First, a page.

Sunday, September 12, 2010

One Week to JavaOne 2010

This time next week, JavaOne 2010 will be well underway with MySQL Sunday (see here also) and the opening Oracle Welcome Keynote.  With JavaOne almost upon us, the winners of the 2010 Duke's Choice Awards were announced this weekJavaFX, Swing, Java SE, Java EE, and Java ME were well represented in the solutions that won, but other technologies used in these winning entries included Groovy, Log4JFugue, HTML 5, and Scalable Vector Graphics (SVG).

Several bloggers have started making note of JavaOne 2010 presentations related to particular topics of interest.  The NetBeans Sessions at the JavaOne 2010 Conference post has been out for a while, but there are some new posts (several by the presenters themselves) that came out this week.  Luciano Resende's post Apache Tuscany & Apache Nuvem related sessions at JavaOne 2010 describes two presentations he is involved with: "Developing composite applications for the Cloud using Apache Tuscany" (S314011) and "Databinding Unleashed for Composite Applications" (S313731).  I haven't planned to attend any Cloud-related presentations, but if I do attend one, it is likely to be one related to Apache Tuscany.

Adam Bien has posted regarding the sessions he is involved with in the post My JavaOne Sessions - and Interactive Java EE 6 Hacking without Slides.  Theses sessions are "Creating Lightweight Applications with Nothing but Vanilla Java EE 6" (S313248), "Hacking Heating Systems with Java EE 6, JavaFX, and Scripting" (S314243), "Java EE 6 Panel: What Do We Do Now?" (S313278), and "The Feel of Java EE 6: Interactive Onstage Hacking" (S319369).

Stephen Chin (perhaps most recently famous for his petition to Oracle to open source JavaFX) posted regarding a change in the title and focus of the presentation he and Jonathan Giles are preparing.  The newly titled presentation "JavaFX Your Way: Building JavaFX Applications with Alternative Languages" (S319370) is currently scheduled for 4 pm on Monday in Hilton San Francisco (Golden Gate 8).  At this point, I'm more interested in the JVM alternative languages than I am in JavaFX, but a presentation focusing on combining the two is appealing.  Their abstract now states:
JavaFX is more than a language. It is also a platform for building immersive applications with graphics, animation, and rich media. In this session, you will see how you can leverage JavaFX from a host of different JVM languages, including Java, JRuby, Groovy, Scala, and Clojure.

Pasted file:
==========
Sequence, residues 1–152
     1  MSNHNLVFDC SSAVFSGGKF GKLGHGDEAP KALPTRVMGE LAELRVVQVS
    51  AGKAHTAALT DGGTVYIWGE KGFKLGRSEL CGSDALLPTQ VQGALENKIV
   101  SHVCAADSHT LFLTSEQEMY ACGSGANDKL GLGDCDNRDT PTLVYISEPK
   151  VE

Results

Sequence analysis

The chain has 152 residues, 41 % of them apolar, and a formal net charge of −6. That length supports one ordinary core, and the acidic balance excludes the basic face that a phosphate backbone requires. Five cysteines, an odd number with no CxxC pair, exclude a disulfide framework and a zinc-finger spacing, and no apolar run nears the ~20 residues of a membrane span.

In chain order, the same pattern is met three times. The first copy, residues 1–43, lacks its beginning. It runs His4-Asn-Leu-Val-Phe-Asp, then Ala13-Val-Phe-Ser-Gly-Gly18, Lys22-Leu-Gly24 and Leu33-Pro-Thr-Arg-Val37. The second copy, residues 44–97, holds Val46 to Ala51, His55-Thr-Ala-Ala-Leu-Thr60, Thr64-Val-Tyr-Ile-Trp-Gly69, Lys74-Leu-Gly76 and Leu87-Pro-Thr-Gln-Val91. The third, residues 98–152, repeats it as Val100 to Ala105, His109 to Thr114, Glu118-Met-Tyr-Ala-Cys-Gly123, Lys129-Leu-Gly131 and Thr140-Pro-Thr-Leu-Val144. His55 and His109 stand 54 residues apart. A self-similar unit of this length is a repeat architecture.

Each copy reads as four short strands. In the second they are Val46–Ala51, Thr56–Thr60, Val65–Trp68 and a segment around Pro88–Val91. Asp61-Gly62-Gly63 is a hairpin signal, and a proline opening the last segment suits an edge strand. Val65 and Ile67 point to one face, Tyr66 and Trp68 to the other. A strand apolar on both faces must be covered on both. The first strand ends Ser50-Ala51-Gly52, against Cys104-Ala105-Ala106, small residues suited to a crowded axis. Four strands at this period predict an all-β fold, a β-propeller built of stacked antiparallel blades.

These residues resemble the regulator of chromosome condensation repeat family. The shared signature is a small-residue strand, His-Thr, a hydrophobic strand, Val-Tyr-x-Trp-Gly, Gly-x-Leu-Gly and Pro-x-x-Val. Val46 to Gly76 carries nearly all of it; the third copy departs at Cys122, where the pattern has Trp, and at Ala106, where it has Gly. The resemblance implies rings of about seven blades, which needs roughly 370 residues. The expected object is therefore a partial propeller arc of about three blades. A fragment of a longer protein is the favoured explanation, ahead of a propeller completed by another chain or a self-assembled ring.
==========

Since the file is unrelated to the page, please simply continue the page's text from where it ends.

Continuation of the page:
There are several presentations I'm interested in this time slot and it's going to be a difficult decision which one to attend.  The change in this Chin/Giles presentation's focus has certainly added it to the contenders on my list of sessions to choose from during this slot.

I am half-way (one week: 7 of 14) through my once-per-day highlighting of a particular JavaOne 2010 abstract.  So far, I have highlighted the following presentations' abstracts:
The post Open Source Software Pervades JavaOne 2010 seems to me to be a possible direct response to the Google claim (or at least Google employee's claim) that Oracle is suing "Google and open source."  Even with the several Google employee-led presentations related to open source withdrawn, there is still an impressive list of presentations related to open source.  These include sessions of various types such as Birds of a Feather (BOF) sessions, Conference Sessions, Hands-on Sessions, User Group Sessions, and Panel Sessions.
    With JavaOne so close, it's also a good time to consider rumors and expected announcements.  Here are some topics that may or may not be covered or announced at JavaOne, but which do make speculation interesting.
    • Java SE 7/JDK7 - This has been somewhat addressed preemptively by Mark Reinhold's blog post Re-thinking JDK 7, in which two plans are put forth for consideration regarding the next major releases of Java.  According to Reinhold, "Here at Oracle we’re leaning heavily toward the lower-risk Plan B."  Plan B is to release the portions of JDK 7/Java SE 7 that are almost finished in mid-2011 and release JDK 8 with the rest of the stuff originally planned for Java SE 7 (Lambda/closures, Jigsaw/modularity, portions of Project Coin) by late 2012.  I think many of us would like to hear which of the two proposed plans is going to apply and the dates associated with that plan.  I am hoping these plans and any subsequent decisions will also be highlighted at the Reinhold presentation I highlighted: JDK 7 and Java SE 7.
    • Oracle/Google Spat - The Oracle lawsuit against Google over Android and Google's subsequent boycott of JavaOne are sure to be discussed in the halls at the very least and may even get mention in keynotes and conference sessions.
    • "Java : Just Free It" T-shirts - This is mostly just a minor curiosity for me, but I am intrigued by the thought of people wearing these t-shirts at JavaOne.  As JavaWorld blogger Josh Fruhlinger has posted, "It's way past t-shirts" at this point.
    • Java on iOS? - Jeff Martin has publicly wondered if there will be a JavaOne 2010 announcement regarding an agreement for Java to run on Apple's iPhone iOSMarkus King also points out that Apple finally permits Java on the iPhone and asks "when will Oracle deliver?"  Coincidence?
    • Future of Specific Products - We all have our favorite IDEs, frameworks, tools, languages, and technologies.  I expect that many of us are interested in hearing announcements about the direction of these favorites.
     I'm really excited about the opportunity to attend JavaOne 2010 and visit San Francisco again.

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